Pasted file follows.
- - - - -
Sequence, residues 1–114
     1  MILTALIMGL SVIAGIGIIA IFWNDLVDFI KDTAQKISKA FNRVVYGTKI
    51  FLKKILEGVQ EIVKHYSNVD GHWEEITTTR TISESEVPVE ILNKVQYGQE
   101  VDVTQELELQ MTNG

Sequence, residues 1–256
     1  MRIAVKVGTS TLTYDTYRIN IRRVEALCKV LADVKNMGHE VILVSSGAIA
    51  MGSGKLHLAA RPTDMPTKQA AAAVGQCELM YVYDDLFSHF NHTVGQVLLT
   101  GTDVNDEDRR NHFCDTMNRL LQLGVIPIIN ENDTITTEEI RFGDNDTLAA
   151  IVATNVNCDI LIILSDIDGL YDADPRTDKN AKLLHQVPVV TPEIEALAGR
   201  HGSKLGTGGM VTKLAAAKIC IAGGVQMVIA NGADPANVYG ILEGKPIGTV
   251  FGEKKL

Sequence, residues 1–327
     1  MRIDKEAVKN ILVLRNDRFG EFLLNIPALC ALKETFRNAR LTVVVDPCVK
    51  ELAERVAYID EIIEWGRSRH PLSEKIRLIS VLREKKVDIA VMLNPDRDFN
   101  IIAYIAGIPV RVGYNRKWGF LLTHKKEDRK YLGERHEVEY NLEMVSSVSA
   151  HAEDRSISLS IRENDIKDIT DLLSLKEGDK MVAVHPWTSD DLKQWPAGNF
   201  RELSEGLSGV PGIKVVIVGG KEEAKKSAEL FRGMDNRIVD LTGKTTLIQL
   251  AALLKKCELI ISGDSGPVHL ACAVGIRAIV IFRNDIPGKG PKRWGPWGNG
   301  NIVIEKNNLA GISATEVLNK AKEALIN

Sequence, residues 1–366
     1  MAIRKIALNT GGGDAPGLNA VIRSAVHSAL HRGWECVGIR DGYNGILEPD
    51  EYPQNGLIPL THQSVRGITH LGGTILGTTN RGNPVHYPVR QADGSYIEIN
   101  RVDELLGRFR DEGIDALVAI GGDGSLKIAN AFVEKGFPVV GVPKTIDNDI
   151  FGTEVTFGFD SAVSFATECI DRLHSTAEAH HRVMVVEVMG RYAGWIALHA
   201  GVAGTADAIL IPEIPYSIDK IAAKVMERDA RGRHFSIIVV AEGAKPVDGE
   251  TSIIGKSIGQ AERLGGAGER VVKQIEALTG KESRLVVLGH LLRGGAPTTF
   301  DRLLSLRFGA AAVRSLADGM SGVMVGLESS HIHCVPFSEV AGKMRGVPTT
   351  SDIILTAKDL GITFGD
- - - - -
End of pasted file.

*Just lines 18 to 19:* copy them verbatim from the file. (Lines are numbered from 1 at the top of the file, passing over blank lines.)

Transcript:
   251  AALLKKCELI ISGDSGPVHL ACAVGIRAIV IFRNDIPGKG PKRWGPWGNG
   301  NIVIEKNNLA GISATEVLNK AKEALIN